Get ready to come into store and meet our experts
There’s a long list of things to consider when planning the design of a new kitchen. But that’s why we’re here. At B&Q, our design experts take care of all of that – so you don’t have to. All we need from you are a few simple things and then we can get to work.
What to bring for the kitchen design consultation
When you come in-store for your free design consultation, please bring with you:
Your kitchen’s measurements - This is essential to help our designers accurately start work on designing your kitchen. Follow our step-by-step guide (below) to getting all the dimensions you’ll need.
Any photographs or pictures of ideas you have - These might be torn from the pages of a magazine, print-outs of a webpage or snaps on your smartphone. We’re not fussy how you show them to us – we’re just keen to better understand your vision for your new, improved kitchen.
And if you're not certain what you're looking for yet, check out our helpful guides.
What to expect at the kitchen design consultation
- A 3D design of your new kitchen
- Full costing and price breakdown
- Installation quotation
- An opportunity to discuss and apply for our finance products. For more on this, head to our financial services page.
Let's start taking those measurements...
Tools & materials required
How to measure a kitchen
You will need:
Sketch the outline of the room. All you need is the general shape.
Mark the location of windows, doors, archways and hatches on your plan.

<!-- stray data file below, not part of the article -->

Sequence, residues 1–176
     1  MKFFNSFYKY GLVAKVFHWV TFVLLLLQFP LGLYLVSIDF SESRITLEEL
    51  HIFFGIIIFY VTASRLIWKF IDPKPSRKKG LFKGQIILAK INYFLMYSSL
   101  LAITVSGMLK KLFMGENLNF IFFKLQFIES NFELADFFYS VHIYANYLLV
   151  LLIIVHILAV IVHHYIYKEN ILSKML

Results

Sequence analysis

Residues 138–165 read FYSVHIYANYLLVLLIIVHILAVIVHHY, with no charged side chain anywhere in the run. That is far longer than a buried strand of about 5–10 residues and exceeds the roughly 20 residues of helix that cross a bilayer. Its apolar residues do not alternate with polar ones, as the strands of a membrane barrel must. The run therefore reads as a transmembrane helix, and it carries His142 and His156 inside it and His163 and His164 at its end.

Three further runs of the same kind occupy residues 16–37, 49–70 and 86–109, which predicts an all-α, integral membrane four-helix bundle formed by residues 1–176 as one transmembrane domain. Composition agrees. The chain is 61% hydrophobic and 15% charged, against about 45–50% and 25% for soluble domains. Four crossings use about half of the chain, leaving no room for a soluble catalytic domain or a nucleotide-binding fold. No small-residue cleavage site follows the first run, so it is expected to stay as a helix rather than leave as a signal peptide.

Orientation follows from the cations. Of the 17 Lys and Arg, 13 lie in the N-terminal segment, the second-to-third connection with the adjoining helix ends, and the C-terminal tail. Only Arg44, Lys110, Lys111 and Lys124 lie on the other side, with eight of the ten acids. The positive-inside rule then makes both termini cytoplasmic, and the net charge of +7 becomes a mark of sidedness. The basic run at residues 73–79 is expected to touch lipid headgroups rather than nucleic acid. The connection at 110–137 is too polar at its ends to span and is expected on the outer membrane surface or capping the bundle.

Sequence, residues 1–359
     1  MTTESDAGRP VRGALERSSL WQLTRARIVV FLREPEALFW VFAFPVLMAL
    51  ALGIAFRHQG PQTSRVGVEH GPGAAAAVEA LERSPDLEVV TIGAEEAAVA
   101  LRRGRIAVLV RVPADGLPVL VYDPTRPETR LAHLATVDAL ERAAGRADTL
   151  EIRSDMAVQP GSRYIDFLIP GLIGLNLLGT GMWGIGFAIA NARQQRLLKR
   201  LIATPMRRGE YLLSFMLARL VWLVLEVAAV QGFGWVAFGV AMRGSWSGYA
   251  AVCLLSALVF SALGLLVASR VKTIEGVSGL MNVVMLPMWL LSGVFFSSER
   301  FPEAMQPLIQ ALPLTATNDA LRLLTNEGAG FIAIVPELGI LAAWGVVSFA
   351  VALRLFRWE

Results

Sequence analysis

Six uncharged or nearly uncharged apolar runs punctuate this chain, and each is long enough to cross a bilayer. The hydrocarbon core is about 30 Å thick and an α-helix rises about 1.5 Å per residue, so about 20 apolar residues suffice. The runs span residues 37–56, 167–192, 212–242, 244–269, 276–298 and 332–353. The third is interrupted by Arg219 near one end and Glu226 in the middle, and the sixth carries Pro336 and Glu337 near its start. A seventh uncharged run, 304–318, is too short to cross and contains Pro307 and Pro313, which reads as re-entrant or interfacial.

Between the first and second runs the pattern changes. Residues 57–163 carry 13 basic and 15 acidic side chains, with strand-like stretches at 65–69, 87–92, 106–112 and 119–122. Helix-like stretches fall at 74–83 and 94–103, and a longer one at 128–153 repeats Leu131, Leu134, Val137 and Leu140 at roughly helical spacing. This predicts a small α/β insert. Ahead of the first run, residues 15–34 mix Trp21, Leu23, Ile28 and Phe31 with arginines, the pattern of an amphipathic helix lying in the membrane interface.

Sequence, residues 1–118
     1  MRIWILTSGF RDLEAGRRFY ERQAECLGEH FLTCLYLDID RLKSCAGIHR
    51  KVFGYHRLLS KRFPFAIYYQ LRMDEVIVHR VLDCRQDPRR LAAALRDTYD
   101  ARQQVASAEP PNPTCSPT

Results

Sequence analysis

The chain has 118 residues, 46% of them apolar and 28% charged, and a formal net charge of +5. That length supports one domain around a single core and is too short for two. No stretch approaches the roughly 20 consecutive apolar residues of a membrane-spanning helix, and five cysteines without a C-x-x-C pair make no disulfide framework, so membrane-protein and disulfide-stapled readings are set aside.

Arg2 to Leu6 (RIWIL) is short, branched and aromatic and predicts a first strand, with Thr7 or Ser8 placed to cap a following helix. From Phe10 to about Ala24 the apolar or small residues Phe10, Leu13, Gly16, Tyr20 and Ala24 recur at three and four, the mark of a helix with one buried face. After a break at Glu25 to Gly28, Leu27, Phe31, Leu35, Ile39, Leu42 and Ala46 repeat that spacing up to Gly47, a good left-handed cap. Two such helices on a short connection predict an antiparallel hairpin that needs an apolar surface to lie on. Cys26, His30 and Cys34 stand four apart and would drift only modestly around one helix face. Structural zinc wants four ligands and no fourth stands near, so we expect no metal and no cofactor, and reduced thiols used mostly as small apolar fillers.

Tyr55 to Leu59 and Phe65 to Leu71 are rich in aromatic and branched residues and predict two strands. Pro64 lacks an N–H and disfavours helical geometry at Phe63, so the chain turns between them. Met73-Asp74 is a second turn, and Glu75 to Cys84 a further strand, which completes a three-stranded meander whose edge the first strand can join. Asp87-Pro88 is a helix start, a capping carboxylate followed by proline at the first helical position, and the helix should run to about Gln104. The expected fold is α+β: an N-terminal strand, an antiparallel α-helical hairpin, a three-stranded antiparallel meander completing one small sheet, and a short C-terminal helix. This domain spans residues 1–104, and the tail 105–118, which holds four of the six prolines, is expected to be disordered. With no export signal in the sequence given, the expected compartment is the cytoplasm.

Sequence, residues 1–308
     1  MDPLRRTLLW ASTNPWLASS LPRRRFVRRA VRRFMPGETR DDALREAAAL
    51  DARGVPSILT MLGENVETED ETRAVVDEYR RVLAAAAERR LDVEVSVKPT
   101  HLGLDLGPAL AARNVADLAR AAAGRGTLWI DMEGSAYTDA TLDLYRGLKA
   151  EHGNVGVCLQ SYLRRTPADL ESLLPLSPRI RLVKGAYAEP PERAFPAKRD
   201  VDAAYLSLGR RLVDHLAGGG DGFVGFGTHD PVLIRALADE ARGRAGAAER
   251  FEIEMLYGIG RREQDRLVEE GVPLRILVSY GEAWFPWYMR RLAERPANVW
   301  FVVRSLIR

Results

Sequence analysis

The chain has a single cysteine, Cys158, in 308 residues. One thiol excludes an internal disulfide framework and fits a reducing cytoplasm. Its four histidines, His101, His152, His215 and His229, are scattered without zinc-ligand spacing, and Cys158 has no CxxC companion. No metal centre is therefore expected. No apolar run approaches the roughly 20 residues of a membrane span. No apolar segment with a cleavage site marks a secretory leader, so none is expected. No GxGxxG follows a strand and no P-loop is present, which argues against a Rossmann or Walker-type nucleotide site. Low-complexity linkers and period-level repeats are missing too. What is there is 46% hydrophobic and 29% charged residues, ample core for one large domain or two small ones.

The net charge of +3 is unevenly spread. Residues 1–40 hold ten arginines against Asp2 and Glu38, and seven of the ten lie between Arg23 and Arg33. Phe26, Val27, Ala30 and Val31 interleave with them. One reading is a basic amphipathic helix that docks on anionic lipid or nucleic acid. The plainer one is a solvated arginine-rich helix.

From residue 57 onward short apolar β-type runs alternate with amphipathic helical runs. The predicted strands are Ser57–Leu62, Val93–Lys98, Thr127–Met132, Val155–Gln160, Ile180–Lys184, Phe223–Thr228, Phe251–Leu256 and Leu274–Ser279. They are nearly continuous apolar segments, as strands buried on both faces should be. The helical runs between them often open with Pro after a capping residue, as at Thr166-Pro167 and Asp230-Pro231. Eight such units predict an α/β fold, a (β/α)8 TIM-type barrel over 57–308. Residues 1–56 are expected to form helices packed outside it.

Top tip: Log any changes
Make a note of any structural alterations you may want to make, like moving doors.
Indicate any obstacles that must be planned around, such as the boiler, meters and radiators (pictured).
Add the entry point of main services, such as electricity, water and gas.
Measure between each fixed point - doors, walls, windows.
Pick a starting point, like a corner, and work clockwise around the room to avoid missing anything.
When measuring doors and windows, remember to include frames, together with the distance from the floor to the underside of the windows. Measurements should be in millimetres (mm), as anything larger doesn’t provide enough accuracy for our designers.
Top tip: Take thorough measurements
If you have a period property or one with visibly uneven walls - measure them at the top, middle and bottom.
Measure the dimensions of obstacles in the room, such as the boiler or radiators. Remember to include the width, depth and height of each item and its relative height from the floor.
Some obstacles and main services could be movable – please discuss this with your design consultant.
Measure where main services, such as electricity, water and gas are and mark on your plan.
To do this, measure from the nearest fixed point on your diagram to the centre line of each service. Remember to include sockets, phone, gas, water and TV points.
Measure the ceiling heights.
To do this, take two or three measurements to ensure the ceiling is consistent and mark the height in the middle of your survey plan. If there are obstacles on the ceiling, such as stair slope or landing, mark this on your sketch.
Measure the dimensions of any freestanding appliances that you’re looking to keep.
Double check your measurements for accuracy as this will make it easier to start work on your new project.
Step 11 - Come in-store
Now that your sketch is completed, let’s make your new kitchen a reality.